Despicable Me: Trying Too Hard to Be Pixar?

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With the summer movie season finally energized by the July 4th tandem of Twilight: Eclipse and The Last Airbender, Hollywood looks to keep up the momentum with the release of Universal's first substantial large-scale animated release, Despicable Me. Critics have given a tentative thumbs up to the Steve Carell-anchored flick, which revolves around the grinch-like villain, Gru. Wide-shouldered, beak-nosed Gru may or may not let a soft spot for a trio of orphans ruin his plans to steal the moon. Universal's marketing team is betting that the appeal of the multi-talented Steve Carell (see The New Yorker's recent profile) can carry the film, which seems a good bet given that many reviewers think the plot looks a tad thin.

  • It 'Tries Much Too Hard' grumbles A.O. Scott at The New York Times, who found the film's relentless pace, "second rate humor" and "warmed over sentiment" less than agreeable. Although the movie strives for a "Pixaresque purity of feeling" it more often "veer[s] toward Shrekland." He concludes: "The difference between inspired creation and frantic pretending is the difference between magic and mediocrity, between art and junk, or to cite a conveniently available example, between 'Toy Story 3' and 'Despicable Me.'"
  • Polished Enough to Compete With Pixar exclaims Peter Debruge of Variety, although he notes that the title clearly looks less expensive. "[It] plays young, but the script is genuinely clever, delivering much of its humor visually (all the better to translate internationally). As such, pic distinguishes itself from most of the CG-animated competition out there, owing more to Mad magazine (the escalating Gru-vs.-Vector conflict brings 'Spy vs. Spy' strips to mind) than other stereoscopic 3D toons."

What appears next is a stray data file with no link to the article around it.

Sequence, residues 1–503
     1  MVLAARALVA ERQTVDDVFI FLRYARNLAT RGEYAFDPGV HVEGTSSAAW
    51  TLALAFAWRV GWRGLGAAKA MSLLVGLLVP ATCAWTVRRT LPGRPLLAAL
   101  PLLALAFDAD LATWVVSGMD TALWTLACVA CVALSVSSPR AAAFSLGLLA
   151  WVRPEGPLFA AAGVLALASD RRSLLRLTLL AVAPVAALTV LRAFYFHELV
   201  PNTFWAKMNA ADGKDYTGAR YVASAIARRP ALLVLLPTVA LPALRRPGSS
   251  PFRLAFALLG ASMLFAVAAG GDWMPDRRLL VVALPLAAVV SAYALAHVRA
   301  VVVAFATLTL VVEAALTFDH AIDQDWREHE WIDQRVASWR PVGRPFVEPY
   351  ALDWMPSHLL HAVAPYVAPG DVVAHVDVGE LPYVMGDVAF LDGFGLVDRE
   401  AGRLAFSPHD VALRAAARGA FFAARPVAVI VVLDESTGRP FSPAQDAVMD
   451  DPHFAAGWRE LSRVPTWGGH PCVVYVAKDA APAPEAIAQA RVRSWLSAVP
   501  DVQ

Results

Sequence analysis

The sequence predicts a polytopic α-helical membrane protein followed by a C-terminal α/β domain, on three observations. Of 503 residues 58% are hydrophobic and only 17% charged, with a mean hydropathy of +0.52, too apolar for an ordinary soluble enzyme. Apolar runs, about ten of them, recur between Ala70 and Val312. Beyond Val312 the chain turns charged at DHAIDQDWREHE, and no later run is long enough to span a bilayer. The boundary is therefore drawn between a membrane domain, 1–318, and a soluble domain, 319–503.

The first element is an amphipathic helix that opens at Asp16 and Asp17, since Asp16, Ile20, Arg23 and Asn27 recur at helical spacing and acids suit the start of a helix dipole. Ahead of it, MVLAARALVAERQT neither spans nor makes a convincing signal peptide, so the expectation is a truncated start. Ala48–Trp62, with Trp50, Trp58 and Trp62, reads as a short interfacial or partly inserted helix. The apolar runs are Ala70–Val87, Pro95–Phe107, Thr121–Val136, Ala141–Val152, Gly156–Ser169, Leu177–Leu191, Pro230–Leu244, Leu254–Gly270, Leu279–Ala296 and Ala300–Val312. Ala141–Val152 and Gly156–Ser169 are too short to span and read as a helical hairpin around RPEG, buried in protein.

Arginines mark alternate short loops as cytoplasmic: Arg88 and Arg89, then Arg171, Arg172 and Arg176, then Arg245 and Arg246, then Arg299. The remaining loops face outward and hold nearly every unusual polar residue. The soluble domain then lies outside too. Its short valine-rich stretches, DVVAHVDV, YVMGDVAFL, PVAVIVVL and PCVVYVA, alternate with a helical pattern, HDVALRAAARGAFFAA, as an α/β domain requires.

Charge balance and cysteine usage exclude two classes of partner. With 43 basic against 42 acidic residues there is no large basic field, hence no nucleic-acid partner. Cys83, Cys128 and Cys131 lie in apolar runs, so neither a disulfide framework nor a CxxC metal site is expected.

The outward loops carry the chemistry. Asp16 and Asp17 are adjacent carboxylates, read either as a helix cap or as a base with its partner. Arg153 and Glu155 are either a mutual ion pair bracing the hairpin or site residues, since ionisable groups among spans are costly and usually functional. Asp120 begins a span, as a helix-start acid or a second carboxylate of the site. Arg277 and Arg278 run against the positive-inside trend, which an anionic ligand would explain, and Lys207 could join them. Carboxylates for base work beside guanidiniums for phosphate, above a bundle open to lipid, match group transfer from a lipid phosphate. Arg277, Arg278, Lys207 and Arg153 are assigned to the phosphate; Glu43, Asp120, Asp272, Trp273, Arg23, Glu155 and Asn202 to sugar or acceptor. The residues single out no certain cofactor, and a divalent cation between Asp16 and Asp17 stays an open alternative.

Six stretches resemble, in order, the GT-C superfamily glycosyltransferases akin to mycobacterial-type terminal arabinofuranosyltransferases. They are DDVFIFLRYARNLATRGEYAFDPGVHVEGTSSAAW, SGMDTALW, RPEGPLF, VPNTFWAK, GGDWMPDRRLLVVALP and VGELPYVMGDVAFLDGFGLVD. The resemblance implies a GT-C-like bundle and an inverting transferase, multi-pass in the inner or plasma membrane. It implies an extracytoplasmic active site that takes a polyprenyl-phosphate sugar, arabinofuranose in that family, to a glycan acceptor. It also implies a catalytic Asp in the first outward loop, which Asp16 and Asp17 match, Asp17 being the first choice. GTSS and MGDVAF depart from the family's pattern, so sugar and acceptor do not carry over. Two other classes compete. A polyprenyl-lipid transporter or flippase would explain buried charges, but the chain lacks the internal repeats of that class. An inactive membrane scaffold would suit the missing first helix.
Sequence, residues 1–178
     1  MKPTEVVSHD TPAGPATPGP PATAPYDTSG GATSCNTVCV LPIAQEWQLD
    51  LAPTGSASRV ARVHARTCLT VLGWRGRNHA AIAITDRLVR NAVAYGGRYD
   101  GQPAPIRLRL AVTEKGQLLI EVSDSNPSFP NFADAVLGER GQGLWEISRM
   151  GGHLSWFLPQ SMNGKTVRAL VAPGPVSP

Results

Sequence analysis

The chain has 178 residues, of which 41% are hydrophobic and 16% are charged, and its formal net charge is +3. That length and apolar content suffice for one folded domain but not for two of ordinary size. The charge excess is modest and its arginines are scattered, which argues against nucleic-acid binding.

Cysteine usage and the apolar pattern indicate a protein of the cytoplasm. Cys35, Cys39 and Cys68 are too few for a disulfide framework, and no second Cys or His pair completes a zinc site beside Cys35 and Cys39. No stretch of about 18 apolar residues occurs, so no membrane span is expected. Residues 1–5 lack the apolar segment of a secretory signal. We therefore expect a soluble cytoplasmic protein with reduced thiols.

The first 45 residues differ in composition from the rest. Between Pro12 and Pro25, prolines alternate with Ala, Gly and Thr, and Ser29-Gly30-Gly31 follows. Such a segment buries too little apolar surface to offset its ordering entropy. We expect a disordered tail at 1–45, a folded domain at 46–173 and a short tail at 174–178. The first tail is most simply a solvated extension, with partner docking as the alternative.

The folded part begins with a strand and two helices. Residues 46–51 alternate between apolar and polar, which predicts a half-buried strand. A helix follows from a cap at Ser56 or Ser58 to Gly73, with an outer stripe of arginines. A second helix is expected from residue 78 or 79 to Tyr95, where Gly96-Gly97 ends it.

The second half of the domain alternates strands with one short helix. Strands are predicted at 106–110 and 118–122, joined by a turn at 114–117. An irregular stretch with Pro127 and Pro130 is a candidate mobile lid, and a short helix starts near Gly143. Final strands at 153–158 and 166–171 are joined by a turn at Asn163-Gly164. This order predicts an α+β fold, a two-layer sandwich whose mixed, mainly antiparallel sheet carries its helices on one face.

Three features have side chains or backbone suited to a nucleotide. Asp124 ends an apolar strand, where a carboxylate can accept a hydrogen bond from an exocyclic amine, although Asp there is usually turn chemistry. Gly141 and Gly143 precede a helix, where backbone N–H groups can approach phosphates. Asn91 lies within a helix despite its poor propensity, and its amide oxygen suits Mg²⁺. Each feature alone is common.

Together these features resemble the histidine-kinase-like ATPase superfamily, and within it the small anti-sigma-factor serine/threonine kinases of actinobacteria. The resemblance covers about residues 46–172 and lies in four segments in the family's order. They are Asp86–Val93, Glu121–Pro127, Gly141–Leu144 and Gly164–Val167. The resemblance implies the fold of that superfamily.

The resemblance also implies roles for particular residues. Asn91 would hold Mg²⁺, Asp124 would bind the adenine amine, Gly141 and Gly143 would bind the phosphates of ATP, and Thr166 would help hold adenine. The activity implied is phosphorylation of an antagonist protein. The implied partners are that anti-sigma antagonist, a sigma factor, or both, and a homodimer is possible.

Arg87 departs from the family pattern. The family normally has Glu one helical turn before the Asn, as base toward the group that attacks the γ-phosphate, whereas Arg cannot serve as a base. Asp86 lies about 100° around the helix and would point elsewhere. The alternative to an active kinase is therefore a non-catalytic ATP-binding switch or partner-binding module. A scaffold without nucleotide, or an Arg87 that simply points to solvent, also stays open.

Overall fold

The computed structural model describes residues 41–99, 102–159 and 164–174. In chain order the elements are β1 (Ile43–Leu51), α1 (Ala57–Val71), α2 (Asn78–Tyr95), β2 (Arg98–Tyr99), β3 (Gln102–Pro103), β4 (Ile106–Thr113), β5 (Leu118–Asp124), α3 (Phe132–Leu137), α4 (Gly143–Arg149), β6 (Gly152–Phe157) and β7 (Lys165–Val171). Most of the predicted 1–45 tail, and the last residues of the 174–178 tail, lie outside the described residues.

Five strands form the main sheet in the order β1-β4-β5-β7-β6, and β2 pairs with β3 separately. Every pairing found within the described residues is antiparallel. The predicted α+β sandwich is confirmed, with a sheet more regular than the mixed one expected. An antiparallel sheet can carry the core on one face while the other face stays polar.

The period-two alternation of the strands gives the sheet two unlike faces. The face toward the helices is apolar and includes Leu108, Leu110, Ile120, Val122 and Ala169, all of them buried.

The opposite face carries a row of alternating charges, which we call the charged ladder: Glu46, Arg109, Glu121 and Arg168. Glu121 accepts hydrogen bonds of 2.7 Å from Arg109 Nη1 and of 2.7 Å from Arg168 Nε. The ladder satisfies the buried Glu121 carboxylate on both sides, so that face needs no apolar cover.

• 'Any Kids' Flick Called Despicable Me Has Won Over Subversive Me' gushes Rick Groen at The Globe and Mail. The film factors in "a climactic sight gag accessible enough to have the kiddies giggling yet literate enough to leave grad students smiling, and the urge is irresistible: Roll out the stars, one for each deliciously despicable syllable. This animated thing pretty near out-Pixars Pixar."
  • 'An Agreeable Confection' ventures Time's Richard Corliss who cited the title's comic book villain and cartoonish accent as details reminiscent of the early Bugs Bunny-Daffy Duck serials. He also notes that Carrell tries to spice up the dialogue by shouting in the middle of sentences (a verbal tic that anyone familiar with The Office will understand) to varying degrees of success.
  • 'Something of a Chore' The Los Angeles Time's critic Kenneth Turan wasn't impressed with a "3-D animated feature so saccharine that sappy sentimentality is more of a danger than exposure to evil." Although he granted that Gru's many animated minions have charm in the film (he was already talking spin-offs), Turan brushed off the title with scrooge-like brevity, saying that it reeks of an "unmistakably fatal air of trying too hard."

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